9 Nov 2014

The Abortionist's Daughter: guest post by Elisa DeCarlo

Melanie’s Journey and Why I Took It
Since a teenager, I’ve cherished silent movies and the entire world of the early 20th century. Vaudeville, the Ziegfeld Follies, and early theater fascinated me, in part by reading biographies about silent movie stars, including Buster Keaton and Lillian Gish. My favorite authors were F. Scott Fitzgerald, Edith Wharton, and W. Somerset Maugham, among others. The mores and morals of the 1910s seem foreign to us now, even laughable. 
THE ABORTIONIST’S DAUGHTER is an attempt to recreate that world. Melanie Daniels, the titular character, leads a stifling life in a village in the Adirondack Mountains. It is 1916, before women got the vote, when they were still “property.” The Roaring 20s were still far away. This novel is written to experience one woman’s life from her POV, which is often foreign to ours.
Melanie’s father, Dr. Daniels, has done a stint in prison for killing a woman during an illegal abortion. The family are outcasts. What destiny does she have? Being an old maid? Entering a loveless marriage? To cope with her misery, she loses herself in movie magazines (the “flickers” as they were known) and fantasizes about being a star. Then she meets James, a handsome stranger, and agrees to accompany him to New York City. She lies to her family to get money to leave, and they elope. This might seem a standard romance novel plot. But Melanie has broken society’s rules by letting herself be seduced by James, lying, and “living in sin” with her lover. Many a movie plot of the time had women tricked into phony marriages. Melanie’s eyes are wide open. She can’t afford to lose James. Once again, a man defines her existence, as her father had.
The challenge and inspiration were describing emotions and actions we take for granted, in terms of Melanie’s limited experience. Women in 1916 had no sexual education, no birth control, no understanding of their own sexuality. A “true woman” devoted herself to hearth and family. She has no words to describe the sexual sensations she experiences, other than lumping it in the category of “love.” As she observes elsewhere about popular media, “most passion seemed to die below the collarbone.”
Melanie is not the most likeable character to some readers, but I love her. I loved writing her journey from small-town life to a career as an actress. Again, I avoided the cliché of my heroine becoming a big star. She starts out in non-speaking parts. Writing that section was to relive that era. Actors were not “respectable”. Helping her understand herself was a tough task given the times, but ultimately she does discover that she is not a victim. That there is independence, even if it comes as a price.
The final job at hand was to write about abortion dispassionately. Then as now, abortion was regarded as a sin. It was hidden, dangerous. Women killed themselves with quack remedies. Dr. Daniels is a physician who performs abortions out of pragmatism. I’ve avoided coming down on one side or the other. The reader has to make his/her own judgment. This novel is not written as a polemic; it is written to be a good story.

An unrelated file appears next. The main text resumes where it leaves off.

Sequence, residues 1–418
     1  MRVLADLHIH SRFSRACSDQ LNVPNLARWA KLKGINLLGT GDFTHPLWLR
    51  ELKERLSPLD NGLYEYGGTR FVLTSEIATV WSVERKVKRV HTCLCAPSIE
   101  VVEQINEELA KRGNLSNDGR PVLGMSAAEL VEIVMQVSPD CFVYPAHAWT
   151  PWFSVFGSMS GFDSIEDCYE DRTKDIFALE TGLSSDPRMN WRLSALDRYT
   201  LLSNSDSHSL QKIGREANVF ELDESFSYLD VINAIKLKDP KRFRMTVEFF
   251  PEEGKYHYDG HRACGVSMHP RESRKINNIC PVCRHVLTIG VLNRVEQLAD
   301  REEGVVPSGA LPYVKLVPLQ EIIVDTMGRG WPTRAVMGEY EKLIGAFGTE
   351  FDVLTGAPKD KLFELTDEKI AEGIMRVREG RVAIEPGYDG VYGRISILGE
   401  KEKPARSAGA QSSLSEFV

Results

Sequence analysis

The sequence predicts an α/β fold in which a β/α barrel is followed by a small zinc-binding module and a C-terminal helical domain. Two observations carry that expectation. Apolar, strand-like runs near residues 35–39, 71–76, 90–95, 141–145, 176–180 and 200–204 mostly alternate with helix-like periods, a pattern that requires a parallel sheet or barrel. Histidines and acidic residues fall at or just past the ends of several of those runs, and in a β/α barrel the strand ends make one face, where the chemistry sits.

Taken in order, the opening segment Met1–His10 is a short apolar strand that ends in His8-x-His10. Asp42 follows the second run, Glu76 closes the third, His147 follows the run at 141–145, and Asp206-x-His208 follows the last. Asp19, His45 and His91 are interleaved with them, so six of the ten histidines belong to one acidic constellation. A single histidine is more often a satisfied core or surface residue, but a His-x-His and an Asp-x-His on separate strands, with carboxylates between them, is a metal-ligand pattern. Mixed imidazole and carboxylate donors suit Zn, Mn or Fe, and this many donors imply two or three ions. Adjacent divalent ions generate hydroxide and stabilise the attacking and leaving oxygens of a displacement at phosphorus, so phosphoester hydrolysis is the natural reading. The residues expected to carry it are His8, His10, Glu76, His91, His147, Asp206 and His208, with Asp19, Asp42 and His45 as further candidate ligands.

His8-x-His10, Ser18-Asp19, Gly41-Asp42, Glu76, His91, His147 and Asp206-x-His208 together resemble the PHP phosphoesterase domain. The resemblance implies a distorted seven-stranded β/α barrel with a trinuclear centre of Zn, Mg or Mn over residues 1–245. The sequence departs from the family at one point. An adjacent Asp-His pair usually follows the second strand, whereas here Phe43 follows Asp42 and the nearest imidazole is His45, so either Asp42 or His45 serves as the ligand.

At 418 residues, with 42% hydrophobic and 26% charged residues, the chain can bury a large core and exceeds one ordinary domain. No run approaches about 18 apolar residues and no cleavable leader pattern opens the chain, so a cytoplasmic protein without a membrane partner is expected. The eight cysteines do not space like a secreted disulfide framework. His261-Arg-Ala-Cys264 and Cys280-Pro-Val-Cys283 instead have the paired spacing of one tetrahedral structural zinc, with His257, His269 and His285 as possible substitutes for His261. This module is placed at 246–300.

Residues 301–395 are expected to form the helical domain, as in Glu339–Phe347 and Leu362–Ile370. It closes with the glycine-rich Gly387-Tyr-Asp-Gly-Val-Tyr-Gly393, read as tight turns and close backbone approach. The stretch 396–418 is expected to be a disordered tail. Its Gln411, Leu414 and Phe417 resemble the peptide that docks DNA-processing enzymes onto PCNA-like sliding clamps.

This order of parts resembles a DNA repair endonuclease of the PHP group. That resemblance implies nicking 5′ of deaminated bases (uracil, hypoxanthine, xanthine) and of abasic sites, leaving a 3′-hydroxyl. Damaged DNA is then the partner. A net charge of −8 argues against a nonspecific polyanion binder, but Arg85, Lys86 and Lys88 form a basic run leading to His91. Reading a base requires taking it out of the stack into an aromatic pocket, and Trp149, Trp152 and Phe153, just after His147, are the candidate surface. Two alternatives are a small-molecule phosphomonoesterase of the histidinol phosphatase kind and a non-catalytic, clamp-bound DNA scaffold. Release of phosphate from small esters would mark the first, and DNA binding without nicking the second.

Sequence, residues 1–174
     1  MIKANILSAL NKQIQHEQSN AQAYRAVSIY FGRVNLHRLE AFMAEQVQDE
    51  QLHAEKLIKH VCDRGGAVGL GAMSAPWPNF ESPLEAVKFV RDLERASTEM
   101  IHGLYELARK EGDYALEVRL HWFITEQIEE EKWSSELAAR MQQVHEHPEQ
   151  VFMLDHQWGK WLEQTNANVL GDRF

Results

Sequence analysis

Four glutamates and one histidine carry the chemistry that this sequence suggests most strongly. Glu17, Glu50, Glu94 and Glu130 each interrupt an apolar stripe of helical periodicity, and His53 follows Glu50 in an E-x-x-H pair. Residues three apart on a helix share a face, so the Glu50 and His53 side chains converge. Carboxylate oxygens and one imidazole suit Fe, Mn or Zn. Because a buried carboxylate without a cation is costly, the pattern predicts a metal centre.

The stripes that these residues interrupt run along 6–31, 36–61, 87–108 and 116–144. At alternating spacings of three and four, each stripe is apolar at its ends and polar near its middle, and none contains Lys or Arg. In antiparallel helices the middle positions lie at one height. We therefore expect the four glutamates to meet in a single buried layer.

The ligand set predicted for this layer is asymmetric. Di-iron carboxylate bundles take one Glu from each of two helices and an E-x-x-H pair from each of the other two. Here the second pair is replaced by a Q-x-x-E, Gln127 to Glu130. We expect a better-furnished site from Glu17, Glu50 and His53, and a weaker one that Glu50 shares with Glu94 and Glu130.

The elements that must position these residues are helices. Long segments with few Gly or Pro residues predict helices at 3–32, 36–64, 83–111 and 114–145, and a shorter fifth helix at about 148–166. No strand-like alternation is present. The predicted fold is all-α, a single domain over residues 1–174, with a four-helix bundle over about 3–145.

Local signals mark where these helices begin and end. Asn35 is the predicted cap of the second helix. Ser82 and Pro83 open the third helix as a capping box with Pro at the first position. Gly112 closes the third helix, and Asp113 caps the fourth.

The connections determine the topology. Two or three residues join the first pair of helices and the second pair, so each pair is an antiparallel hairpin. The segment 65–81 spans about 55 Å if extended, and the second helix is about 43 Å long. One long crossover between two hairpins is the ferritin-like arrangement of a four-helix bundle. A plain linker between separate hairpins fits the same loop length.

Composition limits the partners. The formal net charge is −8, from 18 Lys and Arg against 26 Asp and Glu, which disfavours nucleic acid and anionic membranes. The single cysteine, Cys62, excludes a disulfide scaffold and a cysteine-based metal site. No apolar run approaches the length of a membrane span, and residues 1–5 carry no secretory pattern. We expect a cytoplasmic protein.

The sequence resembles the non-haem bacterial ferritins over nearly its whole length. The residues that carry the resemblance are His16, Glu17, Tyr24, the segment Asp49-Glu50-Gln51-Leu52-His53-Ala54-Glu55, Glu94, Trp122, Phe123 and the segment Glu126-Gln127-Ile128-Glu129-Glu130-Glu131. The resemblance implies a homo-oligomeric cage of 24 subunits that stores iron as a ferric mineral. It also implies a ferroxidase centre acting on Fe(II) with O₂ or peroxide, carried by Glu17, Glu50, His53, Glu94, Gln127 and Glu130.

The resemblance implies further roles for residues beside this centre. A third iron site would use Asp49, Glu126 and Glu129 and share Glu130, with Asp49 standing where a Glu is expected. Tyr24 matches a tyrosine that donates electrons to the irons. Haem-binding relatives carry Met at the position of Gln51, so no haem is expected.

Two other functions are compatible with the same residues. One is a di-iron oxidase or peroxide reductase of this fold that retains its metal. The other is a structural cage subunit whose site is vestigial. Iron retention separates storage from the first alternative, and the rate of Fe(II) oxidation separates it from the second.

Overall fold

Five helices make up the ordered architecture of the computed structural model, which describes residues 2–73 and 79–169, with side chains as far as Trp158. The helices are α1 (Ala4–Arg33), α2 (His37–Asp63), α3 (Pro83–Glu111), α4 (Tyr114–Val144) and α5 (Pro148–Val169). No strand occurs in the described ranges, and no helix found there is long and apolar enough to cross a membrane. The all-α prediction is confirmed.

There were many inspirations for this story, some when I started, some as I went along. I am grateful that they came to me when writing THE ABORTIONIST’S DAUGHTER.
@copyright Elisa DeCarlo, November, 2014 

ELISA DeCARLO’s first novel, The Devil You Say (Avon, 1994) won both “Locus Best First Novel” and “Amazing Stories Best First Novel”, and received the CaB Magazine Special Achievement Award. Its prequel, Strong Spirits, was published by Avon in 1995.  Her work has been collected numerous anthologies.
Elisa’s been a working journalist and magazine staff writer.  For 10 years she sold plus-size vintage clothing, both online and privately. Her latest novel reflects her passion for vintage fashion while painting an elaborate portrait of New York City just before World War One.
Elisa’s appeared in the popular soaps “General Hospital”, “All My Children”, and “As the World Turns”. She’s written comedy spots for NPR’s All Things Considered and was part of a comedy team show “Cheap Histrionics of the Airwaves” on WBAI-FM. 
Her greatest love is the theater.  She has written numerous award-winning solo shows, including “Toasted,” “I Love Drugs,” and “Size Matters”, which have been produced in New York, San Francisco and Chicago. Her show “I Love Drugs” was a Chicago paper’s “Critic’s Choice” in 1994, and “Cervix With a Smile” was a San Francisco Bay Guardian “Critic’s Choice” in 2005. In 2008, the New York Times wrote an article called “Personality Plus” about a stage show she developed around her popular humor blog “Diary of a Mad Fashionista”. 
In 2015 the Exit Press will publish an anthology of her stage work, I Was Born To Suffer: The Plays of Elisa DeCarlo.
Elisa lives in New York with her husband, Jeff, and a fair amount of animals.  

1 comment:

  1. My heart goes out to the heroine of this book! A brave title for a book that definitely gets my vote!


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